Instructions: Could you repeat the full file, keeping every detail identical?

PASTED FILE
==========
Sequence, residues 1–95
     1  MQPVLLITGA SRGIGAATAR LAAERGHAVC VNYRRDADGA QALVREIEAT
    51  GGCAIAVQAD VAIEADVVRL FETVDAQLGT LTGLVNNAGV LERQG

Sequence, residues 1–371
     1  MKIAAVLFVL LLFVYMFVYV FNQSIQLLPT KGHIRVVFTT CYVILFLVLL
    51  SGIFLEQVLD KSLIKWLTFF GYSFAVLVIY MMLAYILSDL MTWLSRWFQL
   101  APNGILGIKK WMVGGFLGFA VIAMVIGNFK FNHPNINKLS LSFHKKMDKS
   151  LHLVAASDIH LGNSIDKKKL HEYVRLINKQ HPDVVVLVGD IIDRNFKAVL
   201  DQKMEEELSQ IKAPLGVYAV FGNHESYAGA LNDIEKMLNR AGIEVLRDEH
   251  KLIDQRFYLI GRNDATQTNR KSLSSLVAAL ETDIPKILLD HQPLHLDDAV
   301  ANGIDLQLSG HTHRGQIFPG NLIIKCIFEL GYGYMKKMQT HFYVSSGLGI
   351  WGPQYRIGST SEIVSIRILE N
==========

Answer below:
Sequence, residues 1–95
     1  MQPVLLITGA SRGIGAATAR LAAERGHAVC VNYRRDADGA QALVREIEAT
    51  GGCAIAVQAD VAIEADVVRL FETVDAQLGT LTGLVNNAGV LERQG

Sequence, residues 1–371
     1  MKIAAVLFVL LLFVYMFVYV FNQSIQLLPT KGHIRVVFTT CYVILFLVLL
    51  SGIFLEQVLD KSLIKWLTFF GYSFAVLVIY MMLAYILSDL MTWLSRWFQL
   101  APNGILGIKK WMVGGFLGFA VIAMVIGNFK FNHPNINKLS LSFHKKMDKS
   151  LHLVAASDIH LGNSIDKKKL HEYVRLINKQ HPDVVVLVGD IIDRNFKAVL
   201  DQKMEEELSQ IKAPLGVYAV FGNHESYAGA LNDIEKMLNR AGIEVLRDEH
   251  KLIDQRFYLI GRNDATQTNR KSLSSLVAAL ETDIPKILLD HQPLHLDDAV
   301  ANGIDLQLSG HTHRGQIFPG NLIIKCIFEL GYGYMKKMQT HFYVSSGLGI
   351  WGPQYRIGST SEIVSIRILE N